Posted by: bluesyemre | January 19, 2013

System restore: how archivists salvaged 1,500 volumes of digital art from Sandy’s floodwaters by Joshua Kopstein

  • Eyebeam’s media archive weathers the storm, but backing up is hard to do. Hard drive crashes and corrupted files repeatedly instruct us on the importance of keeping media backups. But when data loss looms as the result of massive physical damage from a major natural disaster, finding better ways to digitally archive our history suddenly becomes a moral imperative. As countless tri-state area residents were left without power, heat, and even their homes in the aftermath of Hurricane Sandy, art galleries and studio spaces in New York City wrestled with problems of their own. Like many other spaces in Manhattan’s gallery-friendly Chelsea neighborhood, non-profit art and technology lab Eyebeam sat well within high-risk “Zone A” when the superstorm made landfall last October. But despite preparations, the space became completely submerged, leaving its archive — comprised of various storage media containing over a decade of artworks — to drown in three feet of floodwater.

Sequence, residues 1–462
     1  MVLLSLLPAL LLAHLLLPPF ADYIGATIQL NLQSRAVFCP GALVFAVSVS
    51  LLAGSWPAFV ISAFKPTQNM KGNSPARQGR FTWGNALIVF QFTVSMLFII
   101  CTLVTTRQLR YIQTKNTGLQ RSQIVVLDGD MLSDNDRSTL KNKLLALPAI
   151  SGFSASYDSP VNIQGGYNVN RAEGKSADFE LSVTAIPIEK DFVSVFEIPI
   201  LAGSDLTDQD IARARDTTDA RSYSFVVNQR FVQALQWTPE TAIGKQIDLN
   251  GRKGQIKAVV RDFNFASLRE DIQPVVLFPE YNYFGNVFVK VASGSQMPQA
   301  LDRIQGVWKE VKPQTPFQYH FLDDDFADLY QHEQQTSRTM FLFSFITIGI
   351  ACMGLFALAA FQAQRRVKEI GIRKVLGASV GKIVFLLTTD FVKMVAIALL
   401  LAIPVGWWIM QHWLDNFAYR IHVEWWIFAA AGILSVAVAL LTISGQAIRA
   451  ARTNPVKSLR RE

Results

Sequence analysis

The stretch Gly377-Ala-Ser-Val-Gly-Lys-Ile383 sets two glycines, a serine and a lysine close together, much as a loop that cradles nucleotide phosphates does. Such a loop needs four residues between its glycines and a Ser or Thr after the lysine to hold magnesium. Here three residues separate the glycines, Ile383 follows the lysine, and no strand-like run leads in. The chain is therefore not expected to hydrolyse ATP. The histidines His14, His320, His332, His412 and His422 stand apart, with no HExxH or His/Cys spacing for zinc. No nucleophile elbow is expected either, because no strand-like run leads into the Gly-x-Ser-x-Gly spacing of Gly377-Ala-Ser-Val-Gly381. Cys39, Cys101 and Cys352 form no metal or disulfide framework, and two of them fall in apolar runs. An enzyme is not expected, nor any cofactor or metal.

Recovering Eyebeam’s Archive:



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